Failing and Sailing

As an expatriate teacher I often spend my summer holiday at least partly on trips to see people I’ve been away from. This summer’s visits included get-togethers, but it also included a reunion. A cousin of mine and her husband, whom I had last seen over twenty-five years ago, had settled in a ‘flyover city’ that I had carelessly flown over all these years. The business they started there became highly successful, but they recently decided to sell it and retire to a coastal place well known for its semi-rural charm.

During my last visit they had two very young children. Now both are grown. The second son, after graduating from a small liberal-arts college, found a job at the home office of a ‘tech giant’ not too far from his parents. Number one son turned away from academics to ‘work with his hands’. (Arabic-speakers, when someone’s manual artistry or labor has made their life easier or more worth living, call down a blessing on him: tislam eedak: blessings on your hands. We lack that appreciative expressiveness.)

The episode in his career that his father chose to relate to me was his tenure as a teacher at a sailing school for young people. The first thing to say is that a candidate couldn’t even start the sailing course if he or she couldn’t swim offshore and back or right a capsized little boat alone. The teachers would approach the candidate in the water and call out advice on righting if it was needed, but the candidate had to do something with the advice, and failure was a very real option.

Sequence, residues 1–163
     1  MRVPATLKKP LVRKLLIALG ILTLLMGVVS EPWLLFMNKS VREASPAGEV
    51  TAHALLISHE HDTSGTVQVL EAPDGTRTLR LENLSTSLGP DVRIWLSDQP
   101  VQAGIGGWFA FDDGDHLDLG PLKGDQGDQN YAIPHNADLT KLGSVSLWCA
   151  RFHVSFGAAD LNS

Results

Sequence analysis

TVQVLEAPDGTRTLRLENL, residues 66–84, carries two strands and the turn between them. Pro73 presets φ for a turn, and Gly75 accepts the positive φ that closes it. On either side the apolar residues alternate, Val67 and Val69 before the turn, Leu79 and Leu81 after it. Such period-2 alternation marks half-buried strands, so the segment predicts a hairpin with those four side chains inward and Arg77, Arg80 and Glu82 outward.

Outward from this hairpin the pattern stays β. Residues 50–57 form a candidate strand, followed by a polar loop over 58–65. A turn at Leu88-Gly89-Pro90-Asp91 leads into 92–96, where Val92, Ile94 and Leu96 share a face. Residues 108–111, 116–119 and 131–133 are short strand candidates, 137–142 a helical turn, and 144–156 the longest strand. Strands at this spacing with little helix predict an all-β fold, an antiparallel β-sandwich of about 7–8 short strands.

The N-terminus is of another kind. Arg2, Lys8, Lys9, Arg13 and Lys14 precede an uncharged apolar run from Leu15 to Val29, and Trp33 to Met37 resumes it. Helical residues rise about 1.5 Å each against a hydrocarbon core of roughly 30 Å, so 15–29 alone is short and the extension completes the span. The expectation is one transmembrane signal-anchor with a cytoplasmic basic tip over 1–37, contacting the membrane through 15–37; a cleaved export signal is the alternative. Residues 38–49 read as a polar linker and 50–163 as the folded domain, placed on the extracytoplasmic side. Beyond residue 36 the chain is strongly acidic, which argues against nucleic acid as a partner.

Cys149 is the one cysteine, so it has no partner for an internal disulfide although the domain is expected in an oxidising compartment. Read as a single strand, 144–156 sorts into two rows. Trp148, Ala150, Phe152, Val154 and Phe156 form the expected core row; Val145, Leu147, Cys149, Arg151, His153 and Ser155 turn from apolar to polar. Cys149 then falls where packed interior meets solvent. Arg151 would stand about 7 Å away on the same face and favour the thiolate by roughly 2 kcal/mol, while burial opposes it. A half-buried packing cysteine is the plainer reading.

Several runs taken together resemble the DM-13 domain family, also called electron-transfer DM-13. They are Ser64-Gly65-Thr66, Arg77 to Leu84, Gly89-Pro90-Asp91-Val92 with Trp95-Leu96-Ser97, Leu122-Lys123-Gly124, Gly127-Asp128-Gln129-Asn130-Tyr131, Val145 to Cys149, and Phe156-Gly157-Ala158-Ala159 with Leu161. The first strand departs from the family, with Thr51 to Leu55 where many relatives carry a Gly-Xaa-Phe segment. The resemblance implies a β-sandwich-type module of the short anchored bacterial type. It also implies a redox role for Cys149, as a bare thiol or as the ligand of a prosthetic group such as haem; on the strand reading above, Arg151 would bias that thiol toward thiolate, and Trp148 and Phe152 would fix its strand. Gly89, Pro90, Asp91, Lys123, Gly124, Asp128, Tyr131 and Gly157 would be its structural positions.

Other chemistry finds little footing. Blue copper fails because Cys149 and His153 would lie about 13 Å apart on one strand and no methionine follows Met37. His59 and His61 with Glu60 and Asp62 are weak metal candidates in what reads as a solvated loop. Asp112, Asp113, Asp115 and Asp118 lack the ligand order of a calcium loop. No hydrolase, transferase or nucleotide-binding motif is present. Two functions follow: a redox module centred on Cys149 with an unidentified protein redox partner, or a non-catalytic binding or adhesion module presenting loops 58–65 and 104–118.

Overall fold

Some of the children’s parents (and many of them were used to getting their way) would plead for admission if Junior failed, and sometimes even asked that the tasks be waived. Not a chance. Qualification was real, and Alex was expected to hold to the standards in the face of tears and countervailing pressure.

It was a good story, and nothing needed to be said about applicability to his teaching cousin’s work, but my cousin’s husband also had one bit of advice—maybe for me and maybe for my students. This highly successful entrepreneur said, ‘If there is one thing that a student should learn in order to prepare for a successful business career, it is how to write because in learning how to write, you learn how to think.’

 

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